It’s not about the interpretation being challenging, but that it’s necessary at all. Sure, the structure of the simplest stuff is evident. But even pretty trivial examples of real-world HTML get pretty hairy IMO. For example, this:

<div class="flex flex-col rounded shadow-sm bg-white overflow-hidden">
  <div class="py-4 px-5 lg:px-6 w-full bg-gray-50">
    <h3 class="font-medium">
      Card Title
  <div class="py-4 px-5 lg:px-6 w-full text-sm text-gray-600 bg-gray-50">
      Card Footer

turns into this (via Tyxml Translator, which will generate a not-terrible tyxml transliteration given some html):

let sample =
      [ a_class
          [ "flex"; "flex-col"; "rounded"; "shadow-sm"; "bg-white"; "overflow-hidden" ]
    [ div
        ~a:[ a_class [ "py-4"; "px-5"; "lg:px-6"; "w-full"; "bg-gray-50" ] ]
        [ h3 ~a:[ a_class [ "font-medium" ] ] [ pcdata "Card Title" ] ]
    ; div
          [ a_class
              [ "py-4"
              ; "px-5"
              ; "lg:px-6"
              ; "w-full"
              ; "text-sm"
              ; "text-gray-600"
              ; "bg-gray-50"
        [ p [ pcdata "Card Footer" ] ]

Yes, the latter is OCaml, which I really enjoy, but a misapplication of it IMO. Likewise, writing JSON using Yojson notation or OCaml using only its AST is just as unnatural vs. trading in the actual medium in question.


Yep. Every language I know of is much harder to handle mentally as AST than as syntax (except perhaps lisp, where AST = syntax). And that’s coming from someone who wrote pure AST for around 3 years.

I’m hard-pressed to think of a designer who would prefer to work with templates composed in an OCaml syntax, rather than in something as close to HTML as possible. We have quite a lot of flexibility with Dream, for example, because of its approach to templating. We can split up every template or partial into a separate file, with only a single function header at the top of the file being the most prominent piece of OCaml code, and the rest of the file being regular old HTML markup with some spliced content mixed in, a strategy most designers should be fairly comfortable with by now.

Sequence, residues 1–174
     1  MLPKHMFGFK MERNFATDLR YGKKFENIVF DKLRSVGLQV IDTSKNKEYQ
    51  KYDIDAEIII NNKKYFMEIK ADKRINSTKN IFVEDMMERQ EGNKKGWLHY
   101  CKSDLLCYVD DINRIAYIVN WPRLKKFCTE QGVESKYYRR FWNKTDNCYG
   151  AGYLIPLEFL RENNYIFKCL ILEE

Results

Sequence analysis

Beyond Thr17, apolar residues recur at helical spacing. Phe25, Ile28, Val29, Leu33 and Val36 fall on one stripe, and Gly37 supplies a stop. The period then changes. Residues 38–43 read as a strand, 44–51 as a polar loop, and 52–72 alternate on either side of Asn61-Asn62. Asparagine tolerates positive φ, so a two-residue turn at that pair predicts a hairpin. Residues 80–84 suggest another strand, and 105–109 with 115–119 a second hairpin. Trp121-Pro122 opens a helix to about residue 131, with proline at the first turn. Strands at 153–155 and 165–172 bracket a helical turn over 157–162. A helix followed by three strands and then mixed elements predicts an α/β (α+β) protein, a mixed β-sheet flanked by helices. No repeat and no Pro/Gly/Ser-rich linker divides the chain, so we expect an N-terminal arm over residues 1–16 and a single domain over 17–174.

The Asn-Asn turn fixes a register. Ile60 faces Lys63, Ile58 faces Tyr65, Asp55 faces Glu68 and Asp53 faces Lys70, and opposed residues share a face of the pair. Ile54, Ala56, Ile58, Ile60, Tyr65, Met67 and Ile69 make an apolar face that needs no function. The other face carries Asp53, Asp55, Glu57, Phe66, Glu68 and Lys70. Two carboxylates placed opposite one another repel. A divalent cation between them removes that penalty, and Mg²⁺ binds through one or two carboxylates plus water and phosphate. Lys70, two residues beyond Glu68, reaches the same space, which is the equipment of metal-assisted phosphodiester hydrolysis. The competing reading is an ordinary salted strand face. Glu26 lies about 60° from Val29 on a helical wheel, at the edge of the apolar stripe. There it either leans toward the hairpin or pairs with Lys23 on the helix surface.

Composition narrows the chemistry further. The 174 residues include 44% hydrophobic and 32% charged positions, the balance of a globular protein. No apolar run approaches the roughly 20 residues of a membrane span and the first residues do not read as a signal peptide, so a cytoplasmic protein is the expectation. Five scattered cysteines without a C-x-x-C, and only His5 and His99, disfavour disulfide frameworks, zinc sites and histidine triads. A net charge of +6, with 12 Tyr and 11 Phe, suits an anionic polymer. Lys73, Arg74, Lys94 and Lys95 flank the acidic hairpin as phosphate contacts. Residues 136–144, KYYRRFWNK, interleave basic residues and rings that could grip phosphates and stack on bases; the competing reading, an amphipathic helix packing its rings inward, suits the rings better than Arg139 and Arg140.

EDIT: e.g.,



let html title body =
  <!doctype html>
      <title><%s title %></title>
      <%s! body %>

And so on. Render the page: Page.html "bla" body.


But you get something close to the original HTML if it was created by UI dev, or designer. You may even get them to edit the template if a small tweak is needed.

Is the only way to integrate it with still still to define one rule per eml file?

Yeah, and that’s a good point. The dune rules are a bit clumsy to set up and would be annoying to keep track of properly the more fragment files were created. If the eml processor could somehow find all the eml files by itself and process all of them, that would be great. If anyone knows of a better alternative, I’m interested to hear it.

EDIT: or actually, it would be better if we could define generic rules in dune, like e.g.

 (targets *.ml)
 (deps *
 (action (run dream_eml %{deps} --workspace %{workspace_root})))

I agree that the raw translation is hardly better (worse even) than the original HTML, but the I find the benefit of using tyxml combinators is the ability to build your own combinators ontop of the ones provided by the core library.


module HTML = Tyxml_html

let a_cls elts = HTML.a_class elts
let div ?(a_class=[]) ?(a=[]) elts = HTML.div ~a:(a_cls a_class :: a) elts
let p txt = HTML.p [HTML.txt txt]

let medium_txt txt = HTML.h3 ~a:[a_cls ["font-medium"]] [HTML.txt txt]

let card_container elts =
  div ~a_class:["flex"; "flex-col"; "rounded"; "shadow-sm"; "bg-white"; "overflow-hidden"] elts

let card_title txt =
  div ~a_class:["py-4"; "px-5"; "lg:px-6"; "w-full"; "bg-Gray-50"] [medium_txt txt]

let card_footer txt =
  div ~a_class:["py-4"; "px-5"; "lg:px-6"; "w-full"; "text-sm"; "text-gray-600"; "bg-gray-50"]
    [p txt]

let card () =
  card_container [
    card_title "Card Title";
    card_footer "Card Footer"